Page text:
An Assessment of Patient Comfort and Morbidity after Robot-Assisted Radical Prostatectomy with Suprapubic Tube Versus Urethral Catheter Drainage

Monica S C Morgan, Asim Ozayar, Justin I. Friedlander, Nabeel Shakir, Jodi Antonelli, Selahattin Bedir, Claus Roehrborn, Jeffrey A Cadeddu

Research output: Contribution to journalArticle

7 Scopus citations

Abstract

Objective: Robot-assisted laparoscopic prostatectomy (RALP) with suprapubic tube (SPT), compared to urethral catheter (UC) drainage, has been proposed to improve patient comfort and recovery. We sought to compare short-term outcomes for pain and morbidity after RALP with SPT vs UC drainage. Methods: Between August 2012 and 2014, 159 men underwent a RALP and prospectively completed a questionnaire addressing postoperative pain and satisfaction. Group 1 (n = 94) underwent a RALP by one surgeon who placed a UC and removed it between postoperative day (POD) 7 and 10. Group 2 (n = 65) underwent a RALP by a different surgeon who placed an SPT and UC. On POD 1, the UC was removed. On POD 9, the SPT was capped and removed on POD 11 if the patient was voiding adequately. Preoperative and intraoperative data, complications, questionnaires, and patient-reported morbidity, including unplanned telephone calls and emergency department (ED) visits, were compared between groups. Results: Patient characteristics were similar between groups. One week after surgery, the penile pain score was statistically significantly lower in Group 2 compared to Group 1 (56.9% and 79.8%, respectively, reported minimal-to-moderate pain, p = 0.003). Bladder spasms and overall pain were not significantly higher for Group 1 compared to Group 2 (p > 0.05). When asked "How big a problem has your urine storage device been?," 20.2% of patients in Group 1 reported it as a "moderate-to-big" problem compared to 10.8% in Group 2 (p > 0.05). The number of catheter-related unplanned telephone encounters did not differ between the two groups (p = 0.7), however, although not statistically significant, 4.6% of patients in Group 2 presented to the ED with catheter-related issues (p = 0.07). Conclusion: SPT after RALP was associated with less penile pain compared to UC drainage, and modestly better patient satisfaction. There were no significant differences in bladder spasms, overall pain, and patient-reported morbidity between groups.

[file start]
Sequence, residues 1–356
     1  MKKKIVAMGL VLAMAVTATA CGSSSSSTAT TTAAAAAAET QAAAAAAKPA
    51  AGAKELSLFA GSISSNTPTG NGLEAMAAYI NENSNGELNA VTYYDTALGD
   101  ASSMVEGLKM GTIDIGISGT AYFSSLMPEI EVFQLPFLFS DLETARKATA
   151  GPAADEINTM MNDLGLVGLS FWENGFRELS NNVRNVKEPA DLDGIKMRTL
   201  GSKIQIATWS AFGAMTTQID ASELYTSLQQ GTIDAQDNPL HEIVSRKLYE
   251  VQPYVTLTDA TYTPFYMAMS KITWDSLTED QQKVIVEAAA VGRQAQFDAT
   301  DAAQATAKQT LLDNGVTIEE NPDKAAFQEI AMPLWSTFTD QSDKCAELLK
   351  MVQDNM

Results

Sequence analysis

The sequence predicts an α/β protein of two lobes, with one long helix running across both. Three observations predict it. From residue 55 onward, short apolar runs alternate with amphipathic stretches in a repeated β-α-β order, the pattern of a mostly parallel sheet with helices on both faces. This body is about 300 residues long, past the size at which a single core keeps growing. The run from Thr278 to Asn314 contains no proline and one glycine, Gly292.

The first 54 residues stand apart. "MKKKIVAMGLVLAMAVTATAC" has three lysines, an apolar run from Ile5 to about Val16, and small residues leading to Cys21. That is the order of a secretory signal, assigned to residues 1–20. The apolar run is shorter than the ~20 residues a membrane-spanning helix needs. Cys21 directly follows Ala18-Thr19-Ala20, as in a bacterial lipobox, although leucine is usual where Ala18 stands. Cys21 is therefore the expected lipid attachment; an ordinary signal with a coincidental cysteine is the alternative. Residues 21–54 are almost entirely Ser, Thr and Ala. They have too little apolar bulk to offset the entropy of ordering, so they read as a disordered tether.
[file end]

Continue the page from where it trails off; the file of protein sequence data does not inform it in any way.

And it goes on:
Original languageEnglish (US)
Pages (from-to)300-305
Number of pages6
JournalJournal of Endourology
Volume30
Issue number3
DOIs
StatePublished - Mar 1 2016

ASJC Scopus subject areas

  • Urology

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